So that would seem to me not to be a promising basis for a good hearing the next day. And he was the chairman of the committee, so if he felt that I didn’t deliver what he wanted, I basically stayed up all night – well, stayed up late, not all night – and wrote on my own new testimony and I got White House clearance to give it. And I came up to him at the beginning of the hearing and I said – I told him, you know, I’m so sorry the first wasn’t responsive. I have a new statement that responds to your letter. And you know, thank you for being candid. And it completely transformed the nature of the hearing. He knew – you know, I don’t know what you all think of him, if you work with him – with me he was fantastic. So he was not in agreement. It was substantive issues to be engaged. But he was a partner rather than an enemy, you know, part of the American system.
And what I found happened in that – I just did it because I felt he was elected and I wasn’t and I owed him something that he would find responsive. But I think what he thought is, you know, here’s a guy who worked for the Obama administration, which I don’t like very much, but he’s treating me with respect. And that made a huge difference. So I had a very good working relationship with him. So I think there’s probably a lot of opportunity to do that that people don’t take advantage of. I could have gone with my backup and said, you know, this the regulatory thing we’re working on how and we’re most proud of, and here you go. And he would have hated that, and it could have easily been a very form thing.
On the force, Lawrence Kasdan, the coauthor of several of the movies, said actually very recently the greatest line he ever wrote was in Indian Jones, when someone said to Indy, what’s your plan? And Harrison Ford exclaims: I don’t know. I’m making it all up as I go along. (Laughter.) And then Kasdan said – he went on a rift – this is just an interview very recently. He said: It’s the greatest adventure you can have, making up your own life. He said even at my age – he must be 70 or something – I don’t know what I’m going to do the next hour, let alone next day. And he said, that’s it – that it’s an infinite possibility. And he said, it’s the life force.
MR. TANKERSLEY: We probably have time for, what, one more?
Q: One more? OK.
MR. TANKERSLEY: Yeah, go ahead.
Q: There was a strange scene in “The Phantom Menace,” just to kind of pick up from the last question about the force, where –
MR. TANKERSLEY: Did not see a “Phantom Menace” question coming. (Laughter.) Excited to see where you’re going with this.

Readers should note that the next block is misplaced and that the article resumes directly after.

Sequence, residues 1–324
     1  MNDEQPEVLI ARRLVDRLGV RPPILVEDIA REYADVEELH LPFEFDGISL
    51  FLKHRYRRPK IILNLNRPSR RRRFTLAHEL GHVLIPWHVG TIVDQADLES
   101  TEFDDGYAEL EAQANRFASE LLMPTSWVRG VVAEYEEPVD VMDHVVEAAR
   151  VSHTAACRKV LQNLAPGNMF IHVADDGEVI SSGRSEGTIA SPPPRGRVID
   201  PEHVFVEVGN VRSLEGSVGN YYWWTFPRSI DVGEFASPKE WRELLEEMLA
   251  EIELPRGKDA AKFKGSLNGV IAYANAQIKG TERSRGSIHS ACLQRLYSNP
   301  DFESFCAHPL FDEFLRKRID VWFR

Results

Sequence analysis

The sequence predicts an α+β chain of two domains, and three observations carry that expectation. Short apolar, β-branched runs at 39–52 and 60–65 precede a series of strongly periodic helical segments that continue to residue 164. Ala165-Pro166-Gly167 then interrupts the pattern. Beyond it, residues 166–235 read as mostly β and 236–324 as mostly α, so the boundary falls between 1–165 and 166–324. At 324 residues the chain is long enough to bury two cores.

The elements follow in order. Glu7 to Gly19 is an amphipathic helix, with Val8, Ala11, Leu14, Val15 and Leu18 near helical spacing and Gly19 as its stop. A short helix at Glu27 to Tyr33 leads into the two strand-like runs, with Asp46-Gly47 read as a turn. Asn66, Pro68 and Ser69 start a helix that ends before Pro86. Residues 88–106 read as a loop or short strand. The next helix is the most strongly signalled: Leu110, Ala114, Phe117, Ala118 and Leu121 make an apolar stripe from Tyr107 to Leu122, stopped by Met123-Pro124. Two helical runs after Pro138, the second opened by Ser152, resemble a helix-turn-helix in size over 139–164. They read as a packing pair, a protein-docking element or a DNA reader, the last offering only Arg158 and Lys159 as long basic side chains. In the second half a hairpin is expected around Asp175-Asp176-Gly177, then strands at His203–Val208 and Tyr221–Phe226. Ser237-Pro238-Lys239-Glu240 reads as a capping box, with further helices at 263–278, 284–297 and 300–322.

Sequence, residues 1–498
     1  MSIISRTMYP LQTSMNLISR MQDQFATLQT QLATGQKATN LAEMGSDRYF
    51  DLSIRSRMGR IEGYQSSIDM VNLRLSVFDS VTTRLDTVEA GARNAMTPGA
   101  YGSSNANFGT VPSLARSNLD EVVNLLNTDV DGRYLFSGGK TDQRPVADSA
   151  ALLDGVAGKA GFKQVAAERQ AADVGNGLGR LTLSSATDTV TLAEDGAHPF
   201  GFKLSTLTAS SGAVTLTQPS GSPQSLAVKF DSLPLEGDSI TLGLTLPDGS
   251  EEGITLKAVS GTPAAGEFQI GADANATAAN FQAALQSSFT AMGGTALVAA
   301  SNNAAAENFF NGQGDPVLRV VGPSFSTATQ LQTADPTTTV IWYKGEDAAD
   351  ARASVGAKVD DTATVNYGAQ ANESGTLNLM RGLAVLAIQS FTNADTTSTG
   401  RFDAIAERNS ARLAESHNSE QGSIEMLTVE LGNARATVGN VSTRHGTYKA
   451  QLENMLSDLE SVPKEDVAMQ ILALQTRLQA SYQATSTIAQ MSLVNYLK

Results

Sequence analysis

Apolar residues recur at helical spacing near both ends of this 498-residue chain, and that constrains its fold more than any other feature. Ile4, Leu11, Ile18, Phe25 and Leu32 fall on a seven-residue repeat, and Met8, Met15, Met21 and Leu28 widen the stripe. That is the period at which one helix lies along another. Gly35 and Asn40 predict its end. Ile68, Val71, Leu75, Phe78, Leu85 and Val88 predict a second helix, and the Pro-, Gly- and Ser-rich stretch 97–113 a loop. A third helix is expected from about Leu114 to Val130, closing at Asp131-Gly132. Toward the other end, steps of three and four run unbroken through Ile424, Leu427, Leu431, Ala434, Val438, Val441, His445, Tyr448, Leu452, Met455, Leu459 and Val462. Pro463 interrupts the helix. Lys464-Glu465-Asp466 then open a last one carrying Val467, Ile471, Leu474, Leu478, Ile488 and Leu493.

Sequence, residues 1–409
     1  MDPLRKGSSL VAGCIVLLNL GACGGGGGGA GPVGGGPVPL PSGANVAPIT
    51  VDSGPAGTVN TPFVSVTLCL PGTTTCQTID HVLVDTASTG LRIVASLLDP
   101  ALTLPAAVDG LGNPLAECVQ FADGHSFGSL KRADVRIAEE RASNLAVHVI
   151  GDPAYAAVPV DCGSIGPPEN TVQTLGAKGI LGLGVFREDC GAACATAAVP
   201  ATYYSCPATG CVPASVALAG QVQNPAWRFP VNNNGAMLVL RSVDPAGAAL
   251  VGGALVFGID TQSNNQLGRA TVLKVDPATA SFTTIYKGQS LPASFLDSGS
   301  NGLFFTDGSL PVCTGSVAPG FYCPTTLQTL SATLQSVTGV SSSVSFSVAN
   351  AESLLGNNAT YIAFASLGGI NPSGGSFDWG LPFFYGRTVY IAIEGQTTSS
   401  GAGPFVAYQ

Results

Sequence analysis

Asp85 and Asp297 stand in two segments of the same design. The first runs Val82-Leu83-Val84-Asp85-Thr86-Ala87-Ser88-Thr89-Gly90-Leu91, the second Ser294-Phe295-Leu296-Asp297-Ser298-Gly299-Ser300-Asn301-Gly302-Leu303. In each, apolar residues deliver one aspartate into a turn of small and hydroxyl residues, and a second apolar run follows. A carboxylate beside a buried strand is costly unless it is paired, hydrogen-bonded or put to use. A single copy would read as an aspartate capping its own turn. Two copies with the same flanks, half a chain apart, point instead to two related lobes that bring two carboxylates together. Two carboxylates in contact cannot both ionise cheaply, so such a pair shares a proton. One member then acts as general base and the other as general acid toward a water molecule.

Q: – where Liam Neeson, or Qui-Gon Jinn, tries to determine the force in Anakin, and he takes, like, a blood test. And then he says he has, like, a lot of midi-chlorians, and this guy has a lot of propensity to the force. And it seemed to me kind of, I don’t know, incongruous in many respects that, you know, to me, when I grew up with the – you know, saw the – when they had the movies out in the movie theater for, like, a year, when I first saw Star Wars, that they could – you know, the force was a mystical thing, but in fact it was just, like, a blood test. And it kind of didn’t seem like something that was even learned, or maybe you had it but then you could enhance it. But how do you kind of explain that incongruity right there?
MR. SUNSTEIN: Yeah. So one thing that surprised me in doing, you know, the most unlikely research for this unlikely book – and I did a lot of research – I’m embarrassed about that – (laughter) – is that George Lucas had the midi-chlorians idea really early on. So in the ’70s or ‘80s, I don’t remember, but at least a decade before we had midi-chlorian-gate, what you’re referring to – (laughter) – midi-chlorians were in his head. So that one he did figure out at least long in advance. But I agree with you that it reduces the mystery of the force and gives it a biological source. And in the world of “The Force Awakens,” there’s not a lot of midi-chlorian talk. It was a misstep.
MR. TANKERSLEY: Well, I’d like to thank you all, and thank Cass Sunstein, and thanks everybody for having us. This has been great. (Applause.)
MR. KESSLER: Thank you. I said we were going to have fun and we were going to learn something. And we did have fun and we did learn a lot. And you know, I want to say one – for folks here who aren’t parents yet, one of the best things about being a parent is you get to relive a lot of the things that you watched when you were younger in another person’s eyes. And it leads you to a whole new world of discoveries and insights. And it’s so much fun. And the question we had there with Harry Potter as the saga, that goes back to Beatles and the Stones, with Harry Potter and Star Wars and Beatles versus Stones. And that’ll be a debate for maybe next – our next meeting.
But thank you so much to our guests, Cass Sunstein and Jim Tankersley. And I’m supposed to – forgot to say, Josh Freed wanted me to give you crap because you’re an Arsenal fan.
MR. SUNSTEIN: That is true also, yes. (Laughter.)
MR. KESSLER: Thank you so much for coming. (Applause.)